An ongoing education in weddings

Wedding season has arrived with a vengeance. Last Saturday I went to one of the most beautiful weddings I’ve ever been to and tomorrow, I’ll go to another ceremony in exactly the same location. Two weddings in six days at the same church? That’s quite something. I’m a fairly well practised wedding goer now, but it seems that education in the landmark occasion never ceases…

For example, earlier this week I discovered that it’s traditional in American weddings for bridesmaids to pay for their dress and accessories – extraordinary! It was a post on The Hairpin that enlightened me and honestly, I was stunned. Being a bridesmaid is an honour and a privilege, but surely it’s not something you ought to go bust over? If their presence as beautiful attendants is an essential part of the wedding, surely it’s an essential part of the wedding budget too? [Not to mention the added travel and bridal shower costs of American nuptials…] I guess I’ve just discovered a whole new aspect of the plot of 27 Dresses.

Also, tea (as in the drink, not the meal) should be an essential element of all weddings. It has fantastic medicinal purposes – soaking up alcohol consumed prior, during and post the meal; comforting those who have been overcome by wedding emotions; and providing a caffeine boost to get you through the night. On Saturday evening, a beautiful half hour was spent in the company of some lovely girls, some yummy cake and several mugs of tea. We were apparently a strange sight, clad in pretty dresses, sat on the steps of a church in a central London piazza, clutching mugs – but who cares what we looked like, we were gossiping, restoring our sanity and generally bonding, which is far more important.

Oh, and I’ve discovered that it is possible to make me cry at weddings. Honestly (and I’m sure some of you will be surprised by this, as I’m generally on the soppy side of the spectrum) I’d never actually shed a tear at a wedding. I’ve come close to it and I’ve certainly cried in laughter, but never from the emotion of it all. However, it seems that the combination of: groom recording song about bride that bride hears for first time when walking down the aisle; groom delivering spectacularly lovely speech; and bride writing and performing song for groom in her speech was a little too much for me. (I could also blame the friend sat behind me who kept nudging me to see if I was crying yet – not helpful.)

One final lesson – it is ok to wear the same outfit at two weddings, six days apart, in the same location and with some of the same guests. I’m throwing pride to the wind and enjoying the fact that I like my new blue dress so much that I want to wear it twice in a week. The important thing to remember is to do something differently (hair would be the obvious one) so that you can tell which wedding the photos are from on Facebook (key 21st century issue). Well, I’m saying it’s ok – here’s hoping no one looks at me tomorrow and judges me…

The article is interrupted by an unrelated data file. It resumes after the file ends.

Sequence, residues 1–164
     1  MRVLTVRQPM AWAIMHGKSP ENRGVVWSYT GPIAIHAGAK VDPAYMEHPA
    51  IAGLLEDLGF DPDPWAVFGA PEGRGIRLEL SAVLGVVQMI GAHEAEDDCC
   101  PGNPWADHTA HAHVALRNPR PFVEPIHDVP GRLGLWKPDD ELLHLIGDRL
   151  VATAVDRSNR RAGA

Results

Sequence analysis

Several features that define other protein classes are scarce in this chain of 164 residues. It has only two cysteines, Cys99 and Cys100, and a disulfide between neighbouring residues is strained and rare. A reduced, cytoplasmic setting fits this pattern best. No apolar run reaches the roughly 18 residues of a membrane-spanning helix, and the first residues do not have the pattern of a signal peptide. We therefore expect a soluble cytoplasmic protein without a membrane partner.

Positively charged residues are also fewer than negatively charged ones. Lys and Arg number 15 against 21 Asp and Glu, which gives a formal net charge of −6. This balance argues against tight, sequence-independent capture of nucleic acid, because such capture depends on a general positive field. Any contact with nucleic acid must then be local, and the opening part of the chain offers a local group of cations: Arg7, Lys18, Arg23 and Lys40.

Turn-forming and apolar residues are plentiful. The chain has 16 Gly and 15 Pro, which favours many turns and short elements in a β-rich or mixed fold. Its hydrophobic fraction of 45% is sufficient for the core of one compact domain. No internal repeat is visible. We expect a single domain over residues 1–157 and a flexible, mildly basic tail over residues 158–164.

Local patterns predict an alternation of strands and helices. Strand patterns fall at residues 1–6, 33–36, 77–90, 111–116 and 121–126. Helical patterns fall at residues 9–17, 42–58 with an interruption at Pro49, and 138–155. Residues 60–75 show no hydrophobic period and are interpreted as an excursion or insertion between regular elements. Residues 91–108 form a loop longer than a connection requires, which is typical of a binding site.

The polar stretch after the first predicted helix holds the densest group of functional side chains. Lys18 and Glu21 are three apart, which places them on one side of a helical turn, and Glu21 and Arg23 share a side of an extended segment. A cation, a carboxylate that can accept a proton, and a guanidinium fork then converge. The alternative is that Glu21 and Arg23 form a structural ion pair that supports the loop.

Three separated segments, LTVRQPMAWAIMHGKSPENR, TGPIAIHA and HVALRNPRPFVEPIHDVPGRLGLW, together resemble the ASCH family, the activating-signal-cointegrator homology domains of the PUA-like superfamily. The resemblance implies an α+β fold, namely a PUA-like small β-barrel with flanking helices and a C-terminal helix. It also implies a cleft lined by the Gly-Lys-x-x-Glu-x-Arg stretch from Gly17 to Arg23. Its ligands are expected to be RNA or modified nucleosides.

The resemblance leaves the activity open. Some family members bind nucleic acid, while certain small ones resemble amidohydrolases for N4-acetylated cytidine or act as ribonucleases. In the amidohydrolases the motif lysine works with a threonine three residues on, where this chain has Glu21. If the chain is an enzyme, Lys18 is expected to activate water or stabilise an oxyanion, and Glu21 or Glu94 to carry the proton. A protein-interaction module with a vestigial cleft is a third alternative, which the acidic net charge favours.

1. Don’t take anyone’s word on an “American tradition” for weddings. šŸ™‚ Everyone does it differently. It’s a huge country with so many different cultural backgrounds in the mix, things some people assume are traditions for everyone … aren’t! šŸ™‚ I’ve been a bridesmaid 3 times, and never paid for my dresses. One gal paid for her dress but it was because she wanted it made by a bespoke tailor, not one of us fellow bridesmaids (that was a do-it-yourself wedding on the cheap, which everyone had great fun with and we all still remember fondly!).

    Friend of mine had some European friends get married recently, they came to America to have “A Traditional American Wedding!” and all their European friends were all excited about all these insane rules and traditions and such. My pal, the sole American at the wedding, said she didn’t recognize a single “tradition” in the entire WEEK of wedding activities! Hee. Guests kept asking her “So now why do Americans do THIS?” and she’d shrug and say “I’ve never heard of this before, ever” and the guests were so disappointed. šŸ™‚ Things like “all guests must wear THIS color for rehearsal dinner, and THIS color for the wedding.” Wut?!?!

  2. Hi Liz

    I say wear the outfit again with pride! It’s hard enough finding something suitable feel good in, without having to worry about wearing it twice.

    If you pay for your bridesmaid’s dress yourself, does that mean you also get to pick it? One way of not ending up in a lime green meringue. Or getting revenge by turning up in a floor length white number (veil optional).

  3. @Camelama – You’re right and the same is true for English ‘traditions’, but the comments on the article suggested that bridesmaids buying their dresses was fairly common, certainly much more common than over here!

    @Emma – you’d really hope you’d get your own choice of dress, wouldn’t you?! I suspect that’s not the case…

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